Three Very Basic Image Editing Tricks To Improve Scans Or Photos Of Your (Non-Commercial) Art

2017 Artwork Three Very Basic Image Editing Tricks

So, you’ve made a painting that you plan to post online, but it doesn’t look quite right (even after you’ve scanned it and digitally altered the brightness/contrast levels in the image to make it look less faded). Well, don’t worry, there are a few sneaky image editing tricks that you can do which will make a digital copy of your painting look better.

Before I go any further, I should probably include a few caveats. The first is that, if you’re planning to sell the originals of your paintings, then any images of them you post online should be an accurate reflection of the original painting (so, don’t use any of the tricks in this article if you’re selling/advertising original artwork, since their use could be considered fraud in a commercial context).

The second caveat is that there are lots of image editing programs out there. Since I don’t want this article to be program-specific, I’ll be only talking about general types of features that can be found in most image editing programs. If you don’t have an image editing program, then there’s an open source program called “GIMP” [GNU Image Manipulation Program] which can be legally downloaded for free.

That said, how can you improve the digital copies of your paintings?

1) Tweak the hue levels: Most image editing programs contain a “hue/saturation” feature. The “saturation” levels control the intensity of the colours in your picture, but changing the “hue” level will alter every colour in the picture (moving each colour in the picture an equal distance along the colour spectrum).

Sometimes, if the colours in your painting don’t seem quite right, then you can alter the hue (and possible saturation) levels very slightly in order to make the colours look slightly better. This takes a bit of trial and error, but it can improve your painting significantly when it works.

For example, the original version of this edited painting had a very bright and garish red, yellow and green colour scheme – this was particularly noticeable on the striped covers of the market stalls. It looked terrible!

So, during the editing process (which also involved other types of editing too), I altered the hue/saturation levels:

This is a reduced-size preview. The full-size painting will be posted here in mid-April.

This is a reduced-size preview. The full-size painting will be posted here in mid-April.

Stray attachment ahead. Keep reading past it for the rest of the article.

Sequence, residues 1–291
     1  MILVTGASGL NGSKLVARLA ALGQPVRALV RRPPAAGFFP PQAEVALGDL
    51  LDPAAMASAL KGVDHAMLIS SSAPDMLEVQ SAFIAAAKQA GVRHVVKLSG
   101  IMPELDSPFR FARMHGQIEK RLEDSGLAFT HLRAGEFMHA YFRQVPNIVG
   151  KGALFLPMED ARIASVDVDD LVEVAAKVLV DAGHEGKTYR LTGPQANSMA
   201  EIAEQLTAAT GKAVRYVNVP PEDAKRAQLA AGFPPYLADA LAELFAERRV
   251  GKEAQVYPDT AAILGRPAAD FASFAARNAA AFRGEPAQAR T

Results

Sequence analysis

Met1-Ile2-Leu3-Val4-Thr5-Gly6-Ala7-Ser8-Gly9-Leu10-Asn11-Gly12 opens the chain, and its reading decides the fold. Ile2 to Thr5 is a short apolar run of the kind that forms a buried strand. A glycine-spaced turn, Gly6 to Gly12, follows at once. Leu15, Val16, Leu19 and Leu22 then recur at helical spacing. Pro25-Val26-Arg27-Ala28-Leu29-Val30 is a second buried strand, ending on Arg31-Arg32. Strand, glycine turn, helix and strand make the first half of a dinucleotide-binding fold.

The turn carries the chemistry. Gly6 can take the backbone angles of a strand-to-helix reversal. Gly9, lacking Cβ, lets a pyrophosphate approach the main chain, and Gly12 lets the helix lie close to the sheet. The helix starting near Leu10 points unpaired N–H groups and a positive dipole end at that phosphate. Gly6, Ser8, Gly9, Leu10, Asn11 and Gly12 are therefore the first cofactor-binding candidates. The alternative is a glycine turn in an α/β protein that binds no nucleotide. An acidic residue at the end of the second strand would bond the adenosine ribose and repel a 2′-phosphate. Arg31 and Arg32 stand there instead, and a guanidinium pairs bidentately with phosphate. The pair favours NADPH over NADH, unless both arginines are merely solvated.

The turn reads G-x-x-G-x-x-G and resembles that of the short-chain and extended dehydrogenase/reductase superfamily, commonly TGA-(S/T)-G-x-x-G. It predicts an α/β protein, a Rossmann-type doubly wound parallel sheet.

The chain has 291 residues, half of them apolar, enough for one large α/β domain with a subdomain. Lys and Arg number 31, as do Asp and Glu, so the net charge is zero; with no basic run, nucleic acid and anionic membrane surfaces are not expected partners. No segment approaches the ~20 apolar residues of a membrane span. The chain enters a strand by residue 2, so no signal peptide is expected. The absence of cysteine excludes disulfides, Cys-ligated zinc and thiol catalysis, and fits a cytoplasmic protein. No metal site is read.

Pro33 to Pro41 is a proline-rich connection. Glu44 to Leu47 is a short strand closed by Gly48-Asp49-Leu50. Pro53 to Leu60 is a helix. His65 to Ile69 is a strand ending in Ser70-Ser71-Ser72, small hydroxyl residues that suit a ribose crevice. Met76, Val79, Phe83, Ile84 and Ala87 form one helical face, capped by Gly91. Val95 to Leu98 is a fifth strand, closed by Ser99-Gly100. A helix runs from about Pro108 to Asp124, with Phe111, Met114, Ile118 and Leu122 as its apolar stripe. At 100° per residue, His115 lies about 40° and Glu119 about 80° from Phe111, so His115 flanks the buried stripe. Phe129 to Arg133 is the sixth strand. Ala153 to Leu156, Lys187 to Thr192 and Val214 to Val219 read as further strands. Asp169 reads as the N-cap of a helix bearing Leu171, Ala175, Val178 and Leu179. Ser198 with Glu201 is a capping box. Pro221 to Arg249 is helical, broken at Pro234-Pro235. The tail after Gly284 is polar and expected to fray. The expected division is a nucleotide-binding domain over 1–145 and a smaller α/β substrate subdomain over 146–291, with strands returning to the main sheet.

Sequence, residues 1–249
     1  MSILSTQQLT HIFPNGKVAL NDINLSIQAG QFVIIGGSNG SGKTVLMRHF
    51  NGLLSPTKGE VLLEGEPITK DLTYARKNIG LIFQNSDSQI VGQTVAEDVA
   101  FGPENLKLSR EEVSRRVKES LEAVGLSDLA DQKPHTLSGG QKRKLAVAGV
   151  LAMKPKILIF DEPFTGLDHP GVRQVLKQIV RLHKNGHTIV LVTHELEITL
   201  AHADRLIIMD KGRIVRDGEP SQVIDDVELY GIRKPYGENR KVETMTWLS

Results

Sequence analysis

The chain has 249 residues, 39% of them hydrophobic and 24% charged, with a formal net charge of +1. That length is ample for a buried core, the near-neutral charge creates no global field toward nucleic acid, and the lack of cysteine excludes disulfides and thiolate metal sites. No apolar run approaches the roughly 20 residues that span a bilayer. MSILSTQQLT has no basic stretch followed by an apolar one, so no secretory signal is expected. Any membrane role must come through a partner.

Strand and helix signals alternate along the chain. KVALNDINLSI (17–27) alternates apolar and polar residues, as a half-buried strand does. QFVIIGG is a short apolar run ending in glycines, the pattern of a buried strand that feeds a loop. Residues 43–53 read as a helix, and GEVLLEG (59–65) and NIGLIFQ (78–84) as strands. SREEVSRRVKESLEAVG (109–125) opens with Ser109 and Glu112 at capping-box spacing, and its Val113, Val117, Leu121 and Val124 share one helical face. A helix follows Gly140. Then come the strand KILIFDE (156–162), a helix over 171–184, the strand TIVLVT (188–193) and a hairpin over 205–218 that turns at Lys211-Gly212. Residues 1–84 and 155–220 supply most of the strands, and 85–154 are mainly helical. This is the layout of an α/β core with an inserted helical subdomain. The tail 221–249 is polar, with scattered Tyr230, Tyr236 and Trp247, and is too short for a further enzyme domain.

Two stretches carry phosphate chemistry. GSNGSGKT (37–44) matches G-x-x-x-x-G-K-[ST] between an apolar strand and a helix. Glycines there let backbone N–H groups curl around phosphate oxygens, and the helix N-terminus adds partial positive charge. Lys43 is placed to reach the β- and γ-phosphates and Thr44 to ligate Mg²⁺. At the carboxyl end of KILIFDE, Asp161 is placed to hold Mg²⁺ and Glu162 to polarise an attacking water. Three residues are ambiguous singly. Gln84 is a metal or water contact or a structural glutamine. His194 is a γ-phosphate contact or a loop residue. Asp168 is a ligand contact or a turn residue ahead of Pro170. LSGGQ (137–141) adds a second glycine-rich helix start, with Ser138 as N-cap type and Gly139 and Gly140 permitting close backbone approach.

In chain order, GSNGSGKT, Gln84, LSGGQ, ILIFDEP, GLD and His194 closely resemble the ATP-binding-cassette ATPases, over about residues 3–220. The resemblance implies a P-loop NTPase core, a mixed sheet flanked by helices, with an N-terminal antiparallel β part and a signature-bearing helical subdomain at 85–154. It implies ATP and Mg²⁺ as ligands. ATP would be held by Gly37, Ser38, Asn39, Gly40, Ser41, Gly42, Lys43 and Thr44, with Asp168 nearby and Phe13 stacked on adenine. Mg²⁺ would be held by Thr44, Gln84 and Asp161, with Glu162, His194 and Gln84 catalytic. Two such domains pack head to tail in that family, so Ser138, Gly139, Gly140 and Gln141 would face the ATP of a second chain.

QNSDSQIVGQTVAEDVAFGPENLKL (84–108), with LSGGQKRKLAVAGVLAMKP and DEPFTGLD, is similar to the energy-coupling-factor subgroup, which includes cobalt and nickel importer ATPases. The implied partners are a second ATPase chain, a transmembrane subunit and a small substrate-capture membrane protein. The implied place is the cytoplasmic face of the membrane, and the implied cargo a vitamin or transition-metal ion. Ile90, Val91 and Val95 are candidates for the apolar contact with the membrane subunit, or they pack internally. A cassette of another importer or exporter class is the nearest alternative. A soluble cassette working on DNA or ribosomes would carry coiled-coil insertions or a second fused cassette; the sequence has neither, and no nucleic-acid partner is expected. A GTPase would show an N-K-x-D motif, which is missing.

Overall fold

By setting the hue to “-7%” and the saturation to “61%” (along with an additional 4% reduction in the brightness of the image), I was able to change the colours of these parts of the painting to a more visually-appealing orange and dark pink colour scheme. So, you can improve the look of your paintings by experimenting with slightly different hue/saturation levels.

2) Use selection tools: All image editing programs have a “free select” tool of some kind or another. This tool allows you to use the mouse to draw a line around an area of your painting which the program will treat separately from the rest of the painting.

Most programs also contain a “reverse selection” or “invert selection” option which allows you to change the selected area from everything within the line to everything outside of the line. This can be useful if you want to select a large area of a picture, since you only have to draw a line around the small area you don’t want to select, and then reverse the selection.

What this means is that you can alter the brightness, saturation, hue, colour etc.. levels of one part of your painting without it affecting the rest of the painting. There are literally loads of ways that you can use this simple tool to make your picture look better. You can make the foreground stand out by only darkening the background, you can change the colours of individual parts of your picture etc…

3) Cropping: Virtually all image editing programs have a cropping tool, which can be very useful if you aren’t quite satisfied with the composition of your painting. The icon for the cropping tool will probably look like two diagonal halves of a square that overlap each other.

This tool allows you to freely select a square or rectangular area of your picture. Once you’ve selected the area, you can click on it and everything outside of that area will disappear. In other words, it allows you to trim the edges of your picture.

What this means is that if the composition of your picture isn’t quite right (eg: the main focal point of the picture is slightly off-centre or something like that), you can trim away the edges until it looks slightly better.

For example, here’s a digitally-cropped version of the square picture I showed you earlier – which has been turned into a landscape picture by cropping away the borders at the top and bottom of the picture (as well as the stall cover at the top of the picture), as well as part of the right-hand edge of the picture:

Here's a slightly cropped version of the picture earlier in the article.

Here’s a slightly cropped version of the picture earlier in the article.

But, if you don’t quite know what you’re doing, then keep a backup copy of your image before trimming and/or be sure to use the “undo” button if you make a mistake.


Anyway, I hope that this was useful 🙂


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